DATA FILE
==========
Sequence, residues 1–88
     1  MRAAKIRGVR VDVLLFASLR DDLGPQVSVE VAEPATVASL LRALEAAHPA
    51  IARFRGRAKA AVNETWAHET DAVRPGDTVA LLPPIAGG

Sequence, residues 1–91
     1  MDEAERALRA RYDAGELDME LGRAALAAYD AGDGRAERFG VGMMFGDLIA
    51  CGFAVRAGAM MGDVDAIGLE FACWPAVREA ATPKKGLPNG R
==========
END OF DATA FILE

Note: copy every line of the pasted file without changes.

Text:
Sequence, residues 1–88
     1  MRAAKIRGVR VDVLLFASLR DDLGPQVSVE VAEPATVASL LRALEAAHPA
    51  IARFRGRAKA AVNETWAHET DAVRPGDTVA LLPPIAGG

Sequence, residues 1–91
     1  MDEAERALRA RYDAGELDME LGRAALAAYD AGDGRAERFG VGMMFGDLIA
    51  CGFAVRAGAM MGDVDAIGLE FACWPAVREA ATPKKGLPNG R